Going through the records and seeing the many nameless in the books who belonged to institutions like the Little Sisters of the Poor makes for difficult reading, but shows something of the way in which the destitute were treated in Irish society, given over to charity, the only ones who would in death, see they were buried in something approaching respectable circumstances. Over two remarkable pages, at the beginning of the books that cover the period 1910-1918, almost seventy entries of paid funerals come from the Little Sisters of the Poor. [3]

Part of the books which show the number of burials performed on behalf of the Little Sisters of the Poor.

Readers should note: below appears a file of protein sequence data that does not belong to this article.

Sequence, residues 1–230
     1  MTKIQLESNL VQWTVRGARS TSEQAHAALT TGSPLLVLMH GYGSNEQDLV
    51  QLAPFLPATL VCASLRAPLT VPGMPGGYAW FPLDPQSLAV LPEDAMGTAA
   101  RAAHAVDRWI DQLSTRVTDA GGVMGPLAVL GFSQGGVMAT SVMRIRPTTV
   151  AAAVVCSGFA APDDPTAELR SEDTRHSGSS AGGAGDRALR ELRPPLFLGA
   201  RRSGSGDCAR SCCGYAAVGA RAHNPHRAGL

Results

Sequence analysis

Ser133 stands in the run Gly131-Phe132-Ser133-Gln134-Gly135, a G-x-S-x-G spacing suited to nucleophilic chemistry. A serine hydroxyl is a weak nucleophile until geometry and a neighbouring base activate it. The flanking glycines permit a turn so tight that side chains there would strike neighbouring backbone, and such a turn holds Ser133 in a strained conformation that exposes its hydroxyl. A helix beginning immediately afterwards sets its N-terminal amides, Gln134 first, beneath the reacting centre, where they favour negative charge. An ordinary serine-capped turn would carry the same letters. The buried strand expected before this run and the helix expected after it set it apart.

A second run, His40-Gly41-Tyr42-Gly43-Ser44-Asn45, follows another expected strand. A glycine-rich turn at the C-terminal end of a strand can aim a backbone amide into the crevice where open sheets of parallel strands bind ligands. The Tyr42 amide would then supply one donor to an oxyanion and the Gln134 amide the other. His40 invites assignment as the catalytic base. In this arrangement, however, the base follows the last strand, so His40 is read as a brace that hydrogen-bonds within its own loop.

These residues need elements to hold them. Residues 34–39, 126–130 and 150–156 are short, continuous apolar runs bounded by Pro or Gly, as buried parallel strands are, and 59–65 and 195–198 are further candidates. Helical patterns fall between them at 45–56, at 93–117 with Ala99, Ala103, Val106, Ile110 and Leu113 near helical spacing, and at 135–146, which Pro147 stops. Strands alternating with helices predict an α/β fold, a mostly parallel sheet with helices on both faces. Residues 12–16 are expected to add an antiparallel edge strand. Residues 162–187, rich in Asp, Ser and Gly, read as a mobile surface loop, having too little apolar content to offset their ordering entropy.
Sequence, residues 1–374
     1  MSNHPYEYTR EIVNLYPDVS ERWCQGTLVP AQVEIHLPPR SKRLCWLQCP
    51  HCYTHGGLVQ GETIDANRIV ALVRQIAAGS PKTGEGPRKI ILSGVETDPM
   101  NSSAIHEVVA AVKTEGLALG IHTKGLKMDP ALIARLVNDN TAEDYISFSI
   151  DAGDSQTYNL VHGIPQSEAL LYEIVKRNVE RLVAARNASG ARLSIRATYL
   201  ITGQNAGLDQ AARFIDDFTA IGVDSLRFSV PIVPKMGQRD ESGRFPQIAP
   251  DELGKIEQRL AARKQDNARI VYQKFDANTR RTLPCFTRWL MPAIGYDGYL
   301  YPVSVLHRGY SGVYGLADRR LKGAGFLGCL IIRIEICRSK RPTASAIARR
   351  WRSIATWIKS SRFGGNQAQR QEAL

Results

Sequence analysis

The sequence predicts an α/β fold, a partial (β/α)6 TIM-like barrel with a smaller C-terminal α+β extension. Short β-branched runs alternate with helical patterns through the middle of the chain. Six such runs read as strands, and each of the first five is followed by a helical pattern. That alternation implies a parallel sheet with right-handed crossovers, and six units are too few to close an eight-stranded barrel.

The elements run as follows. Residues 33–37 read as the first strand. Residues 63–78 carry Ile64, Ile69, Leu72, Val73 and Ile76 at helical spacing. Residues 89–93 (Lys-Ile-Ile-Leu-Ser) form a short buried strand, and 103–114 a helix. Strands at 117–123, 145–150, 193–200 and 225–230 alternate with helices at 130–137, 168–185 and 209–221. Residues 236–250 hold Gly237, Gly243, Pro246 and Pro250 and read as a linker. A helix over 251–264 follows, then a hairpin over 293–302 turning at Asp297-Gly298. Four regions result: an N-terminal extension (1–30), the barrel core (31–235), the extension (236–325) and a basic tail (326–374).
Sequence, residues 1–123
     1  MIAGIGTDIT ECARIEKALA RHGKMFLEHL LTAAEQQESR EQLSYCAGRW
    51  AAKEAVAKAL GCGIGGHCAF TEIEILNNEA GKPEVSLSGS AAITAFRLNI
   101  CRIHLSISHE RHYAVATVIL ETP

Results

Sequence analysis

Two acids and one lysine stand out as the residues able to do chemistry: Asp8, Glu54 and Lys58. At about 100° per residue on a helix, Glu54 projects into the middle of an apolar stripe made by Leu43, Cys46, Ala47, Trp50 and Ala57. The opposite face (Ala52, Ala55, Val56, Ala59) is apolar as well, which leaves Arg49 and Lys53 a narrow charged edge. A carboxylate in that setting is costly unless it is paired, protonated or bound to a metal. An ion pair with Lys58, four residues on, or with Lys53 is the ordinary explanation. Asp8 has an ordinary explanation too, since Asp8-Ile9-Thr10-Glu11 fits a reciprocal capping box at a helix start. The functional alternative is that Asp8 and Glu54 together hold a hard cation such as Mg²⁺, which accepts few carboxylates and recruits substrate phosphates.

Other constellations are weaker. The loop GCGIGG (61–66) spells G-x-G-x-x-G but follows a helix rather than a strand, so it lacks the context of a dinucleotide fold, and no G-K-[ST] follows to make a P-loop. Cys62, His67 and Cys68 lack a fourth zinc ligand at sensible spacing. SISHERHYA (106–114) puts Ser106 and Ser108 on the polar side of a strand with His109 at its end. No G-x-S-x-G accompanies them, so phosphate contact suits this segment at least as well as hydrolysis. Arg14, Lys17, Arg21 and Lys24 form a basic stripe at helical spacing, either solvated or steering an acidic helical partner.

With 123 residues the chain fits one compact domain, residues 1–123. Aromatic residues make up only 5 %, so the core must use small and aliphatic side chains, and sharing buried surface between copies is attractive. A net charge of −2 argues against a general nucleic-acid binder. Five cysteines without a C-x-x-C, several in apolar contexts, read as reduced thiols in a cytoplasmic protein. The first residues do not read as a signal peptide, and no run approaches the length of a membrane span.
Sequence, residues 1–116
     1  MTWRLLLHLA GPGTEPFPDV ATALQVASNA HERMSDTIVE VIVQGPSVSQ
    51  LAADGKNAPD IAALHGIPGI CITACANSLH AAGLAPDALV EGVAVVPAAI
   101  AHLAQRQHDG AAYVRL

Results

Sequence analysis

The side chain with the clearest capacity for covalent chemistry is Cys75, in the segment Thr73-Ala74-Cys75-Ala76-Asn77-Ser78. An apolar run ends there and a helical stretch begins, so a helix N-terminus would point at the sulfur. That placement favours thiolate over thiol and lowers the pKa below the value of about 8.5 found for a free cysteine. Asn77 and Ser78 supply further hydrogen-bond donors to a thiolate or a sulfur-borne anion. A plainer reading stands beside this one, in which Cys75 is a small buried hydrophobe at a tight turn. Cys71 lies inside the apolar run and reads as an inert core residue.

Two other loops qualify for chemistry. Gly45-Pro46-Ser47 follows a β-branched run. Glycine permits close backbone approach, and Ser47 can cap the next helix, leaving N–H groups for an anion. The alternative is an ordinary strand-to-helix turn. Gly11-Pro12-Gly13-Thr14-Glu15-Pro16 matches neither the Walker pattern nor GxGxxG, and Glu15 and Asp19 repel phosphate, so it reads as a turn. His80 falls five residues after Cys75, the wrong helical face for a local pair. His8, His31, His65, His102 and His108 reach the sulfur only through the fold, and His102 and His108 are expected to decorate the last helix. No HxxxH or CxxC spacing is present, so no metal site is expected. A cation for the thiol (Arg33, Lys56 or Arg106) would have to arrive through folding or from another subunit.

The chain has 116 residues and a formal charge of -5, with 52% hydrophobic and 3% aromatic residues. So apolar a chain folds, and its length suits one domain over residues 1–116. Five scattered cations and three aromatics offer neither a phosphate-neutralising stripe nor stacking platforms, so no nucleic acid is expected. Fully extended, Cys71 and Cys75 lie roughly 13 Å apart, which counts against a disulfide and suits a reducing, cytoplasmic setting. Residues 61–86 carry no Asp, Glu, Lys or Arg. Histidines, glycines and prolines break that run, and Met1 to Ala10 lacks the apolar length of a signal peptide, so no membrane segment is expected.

Part of the books which show the number of burials performed on behalf of the Little Sisters of the Poor. Click to enlarge.

Equally distressing when you delve into the books is the number of “small coffins” or “very small coffins” which are required by various families to bury children who did not live long. In no instance was I able to find a case where the child themselves was named, but usually the entries followed the form of “for Mrs. x’s child”. Unlike the burials of adults, there was no extensive list of hearses, broughams, sidecars, or drink. These were quiet, sad, heart-rending affairs which to judge by their frequency in these books, were indeed very common. Indeed, one set of figures looking at mortality rates in Ireland across the twentieth century indicates that around 1 in 13 or 14 children born died soon afterwards in the 1920s and 1930s, when these digitised records end. [4]